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Doctor Giving Exam to Senior Woman

Cloudy Vision - Causes

By

Healthgrades Editorial Staff

What causes cloudy vision?

Cloudy vision may be caused by a variety of underlying conditions or diseases. Some of these conditions, such as the presence of a small particle in the eye, are very common while others may threaten your vision. Most often, cloudy vision is caused by loss of transparency in the lens within your eye or the cornea, which is the clear “window” covering the front of your eye.

Additionally, the use of some medications may cause cloudy vision. Check the potential side effects of any medications that you are taking to see if cloudy or blurry vision may be a side effect.

Common causes of cloudy vision

Cloudy vision may be caused by conditions including:

  • Age-related macular degeneration (disorder that causes loss of vision in the macula, the area of the retina responsible for seeing detail in the central vision)
  • Cataracts (clouding or loss of transparency in the lens of the eye)
  • Diabetes (chronic disease that affects your body’s ability to use sugar for energy)
  • Dry eyes
  • Foreign body in the eye
  • Glaucoma
  • Injury to the eye
  • Macular degeneration
  • Migraines
  • Myopia (nearsightedness; inability to focus on distant objects)
  • Need for corrective lenses, such as eyeglasses or contact lenses, or need for change in eyewear prescription
  • Optic neuritis
  • Presbyopia (age-related farsightedness; inability to focus on near objects)
  • Retinal vascular occlusion

Serious or life-threatening causes of cloudy vision

In some cases, cloudy vision may be a symptom of a serious or life-threatening condition that should be immediately evaluated in an emergency setting. Fortunately, these conditions are rare causes of cloudy vision. They include:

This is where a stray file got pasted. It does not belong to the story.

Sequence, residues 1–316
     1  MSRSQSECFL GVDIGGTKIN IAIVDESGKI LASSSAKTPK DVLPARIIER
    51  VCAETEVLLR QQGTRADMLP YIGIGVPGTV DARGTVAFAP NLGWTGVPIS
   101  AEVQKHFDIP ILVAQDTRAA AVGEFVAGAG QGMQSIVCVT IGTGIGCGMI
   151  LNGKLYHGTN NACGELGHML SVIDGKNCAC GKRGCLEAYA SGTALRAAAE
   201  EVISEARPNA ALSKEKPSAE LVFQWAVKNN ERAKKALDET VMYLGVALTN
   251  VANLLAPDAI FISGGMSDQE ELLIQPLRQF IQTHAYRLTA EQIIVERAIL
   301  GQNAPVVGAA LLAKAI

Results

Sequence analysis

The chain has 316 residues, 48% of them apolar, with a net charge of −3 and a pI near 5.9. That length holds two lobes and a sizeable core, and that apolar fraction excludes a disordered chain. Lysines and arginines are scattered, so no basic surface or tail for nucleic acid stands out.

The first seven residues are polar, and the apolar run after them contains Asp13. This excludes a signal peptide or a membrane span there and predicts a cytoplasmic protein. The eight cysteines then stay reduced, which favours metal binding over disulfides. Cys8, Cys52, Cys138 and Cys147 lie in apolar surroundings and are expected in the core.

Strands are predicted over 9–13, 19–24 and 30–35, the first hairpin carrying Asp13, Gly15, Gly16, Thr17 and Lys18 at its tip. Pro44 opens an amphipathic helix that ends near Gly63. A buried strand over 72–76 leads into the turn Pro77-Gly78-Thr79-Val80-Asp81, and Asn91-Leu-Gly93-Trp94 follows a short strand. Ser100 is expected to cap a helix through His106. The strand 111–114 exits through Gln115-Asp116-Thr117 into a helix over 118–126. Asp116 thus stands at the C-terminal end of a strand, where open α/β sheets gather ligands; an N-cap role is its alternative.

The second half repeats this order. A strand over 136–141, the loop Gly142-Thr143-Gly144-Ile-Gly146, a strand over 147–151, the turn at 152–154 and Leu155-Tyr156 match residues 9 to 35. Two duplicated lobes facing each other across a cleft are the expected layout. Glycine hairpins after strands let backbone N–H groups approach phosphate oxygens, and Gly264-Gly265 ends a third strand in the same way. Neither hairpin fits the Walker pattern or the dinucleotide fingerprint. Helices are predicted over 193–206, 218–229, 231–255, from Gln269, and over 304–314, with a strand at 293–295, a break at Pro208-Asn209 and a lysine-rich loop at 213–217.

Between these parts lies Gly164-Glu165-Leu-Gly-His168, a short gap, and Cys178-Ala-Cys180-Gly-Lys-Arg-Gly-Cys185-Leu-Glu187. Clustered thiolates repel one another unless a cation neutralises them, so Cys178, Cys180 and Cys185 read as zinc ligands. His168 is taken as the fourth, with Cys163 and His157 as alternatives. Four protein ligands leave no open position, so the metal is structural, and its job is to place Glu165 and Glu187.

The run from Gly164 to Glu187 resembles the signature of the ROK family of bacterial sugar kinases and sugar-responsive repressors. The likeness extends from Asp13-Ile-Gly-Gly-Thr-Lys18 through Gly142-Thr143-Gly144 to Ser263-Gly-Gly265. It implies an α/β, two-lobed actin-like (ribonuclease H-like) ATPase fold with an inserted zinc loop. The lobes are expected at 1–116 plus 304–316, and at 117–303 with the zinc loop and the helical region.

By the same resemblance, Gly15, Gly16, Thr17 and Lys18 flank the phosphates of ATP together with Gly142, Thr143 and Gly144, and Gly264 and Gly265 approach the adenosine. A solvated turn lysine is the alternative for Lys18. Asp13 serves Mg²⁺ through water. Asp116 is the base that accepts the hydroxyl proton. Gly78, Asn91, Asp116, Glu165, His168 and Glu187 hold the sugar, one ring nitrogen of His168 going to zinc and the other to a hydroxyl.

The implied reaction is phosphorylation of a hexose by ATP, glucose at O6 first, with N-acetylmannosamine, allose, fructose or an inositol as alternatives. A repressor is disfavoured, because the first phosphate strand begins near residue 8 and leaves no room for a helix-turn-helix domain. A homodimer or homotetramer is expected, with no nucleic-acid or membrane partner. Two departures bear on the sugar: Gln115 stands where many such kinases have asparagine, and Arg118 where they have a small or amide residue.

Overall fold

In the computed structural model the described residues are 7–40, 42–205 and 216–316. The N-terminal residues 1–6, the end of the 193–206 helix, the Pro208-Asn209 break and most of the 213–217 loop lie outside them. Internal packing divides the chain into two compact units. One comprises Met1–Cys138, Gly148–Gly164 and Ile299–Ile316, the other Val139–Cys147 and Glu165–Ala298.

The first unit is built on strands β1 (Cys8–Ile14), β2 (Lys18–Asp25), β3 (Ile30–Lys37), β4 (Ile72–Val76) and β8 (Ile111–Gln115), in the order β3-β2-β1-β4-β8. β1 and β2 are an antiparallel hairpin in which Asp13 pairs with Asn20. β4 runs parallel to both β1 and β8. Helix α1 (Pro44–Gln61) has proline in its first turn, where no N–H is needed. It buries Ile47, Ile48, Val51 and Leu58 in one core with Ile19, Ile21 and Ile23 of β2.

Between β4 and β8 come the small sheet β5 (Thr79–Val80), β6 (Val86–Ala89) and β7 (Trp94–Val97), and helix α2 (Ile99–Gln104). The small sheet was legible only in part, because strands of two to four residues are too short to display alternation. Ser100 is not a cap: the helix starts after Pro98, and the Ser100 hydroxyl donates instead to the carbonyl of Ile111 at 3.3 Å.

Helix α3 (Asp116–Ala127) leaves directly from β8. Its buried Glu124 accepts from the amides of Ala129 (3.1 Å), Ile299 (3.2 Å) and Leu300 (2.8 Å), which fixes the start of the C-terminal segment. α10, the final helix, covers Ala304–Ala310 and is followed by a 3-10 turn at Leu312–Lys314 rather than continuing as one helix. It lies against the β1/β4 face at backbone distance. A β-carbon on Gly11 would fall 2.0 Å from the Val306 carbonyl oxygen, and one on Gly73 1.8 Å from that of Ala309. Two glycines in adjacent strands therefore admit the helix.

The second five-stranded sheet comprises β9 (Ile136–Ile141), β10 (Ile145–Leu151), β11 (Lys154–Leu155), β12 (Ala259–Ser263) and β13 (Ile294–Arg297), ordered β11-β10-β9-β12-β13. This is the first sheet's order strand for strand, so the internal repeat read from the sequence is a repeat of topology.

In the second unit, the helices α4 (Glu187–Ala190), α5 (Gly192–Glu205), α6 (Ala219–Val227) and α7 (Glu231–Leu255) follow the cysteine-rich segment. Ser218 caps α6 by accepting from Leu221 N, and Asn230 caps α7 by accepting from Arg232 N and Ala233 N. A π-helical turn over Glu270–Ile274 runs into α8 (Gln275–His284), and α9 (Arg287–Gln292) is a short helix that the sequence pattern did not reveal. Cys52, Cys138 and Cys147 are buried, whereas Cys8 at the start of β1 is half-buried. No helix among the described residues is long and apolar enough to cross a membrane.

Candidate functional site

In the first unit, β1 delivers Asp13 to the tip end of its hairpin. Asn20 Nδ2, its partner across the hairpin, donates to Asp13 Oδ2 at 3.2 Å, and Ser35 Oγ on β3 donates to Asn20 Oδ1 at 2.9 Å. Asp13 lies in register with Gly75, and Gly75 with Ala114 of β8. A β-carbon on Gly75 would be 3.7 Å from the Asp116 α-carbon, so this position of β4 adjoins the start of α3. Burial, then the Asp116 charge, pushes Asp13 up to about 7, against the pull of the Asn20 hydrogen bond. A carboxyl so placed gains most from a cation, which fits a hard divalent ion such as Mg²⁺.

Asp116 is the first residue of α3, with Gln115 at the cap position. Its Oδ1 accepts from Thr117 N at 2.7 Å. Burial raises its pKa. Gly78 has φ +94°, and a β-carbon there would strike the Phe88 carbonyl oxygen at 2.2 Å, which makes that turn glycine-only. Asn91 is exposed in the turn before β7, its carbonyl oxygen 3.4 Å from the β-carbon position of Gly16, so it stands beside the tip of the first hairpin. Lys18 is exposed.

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  • Brain tumor
  • Corneal infection or injury
  • Glaucoma (disorder that damages the optic nerve, often as a result of increased pressure in the eye)
  • Optic neuritis (inflammation of the optic nerve)
  • Retinal detachment (detachment of the light-sensing layer inside your eye from the blood vessels that provide it oxygen and nutrients)
  • Stroke
  • Transient ischemic attack (temporary stroke-like symptoms that may be a warning sign of an impending stroke)

Questions for diagnosing the cause of cloudy vision

To diagnose your condition, your doctor or licensed health care practitioner will ask you several questions related to your cloudy vision including:

  • How long have you had cloudy vision?
  • Is the cloudiness persistent, or does it come and go?
  • Is the cloudiness present in one eye or both eyes?
  • Are you currently taking any medications?
  • Are you having any other symptoms associated with your cloudy vision?
  • Do you have any other known medical conditions?

What are the potential complications of cloudy vision?

In most cases, cloudy vision is caused by a condition that affects only the eye, and any complications affect vision. In other cases, it may be caused by systemic conditions, such as diabetes or brain tumor, which can be serious or life threatening. It is important to contact your health care provider to determine the underlying cause of your cloudy vision and get treatment if needed.

Once the underlying cause is diagnosed, it is important for you to follow the treatment plan that you and your health care professional design specifically for you to reduce the risk of potential complications including:

  • Brain damage
  • Corneal scarring
  • Loss of vision and blindness
  • Spread of cancer
  • Spread of infection
  • Unconsciousness and coma

Medical Reviewers: William C. Lloyd III, MD, FACS Last Review Date: Oct 8, 2016

© 2017 Healthgrades Operating Company, Inc. All rights reserved. May not be reproduced or reprinted without permission from Healthgrades Operating Company, Inc. Use of this information is governed by the Healthgrades User Agreement.

View Sources

Medical References

  1. Vision problems. MedlinePlus, U.S. National Library of Medicine. https://medlineplus.gov/ency/article/003029.htm
  2. Blindness and vision loss. MedlinePlus, U.S. National Library of Medicine. http://www.nlm.nih.gov/medlineplus/ency/article/003040.htm.

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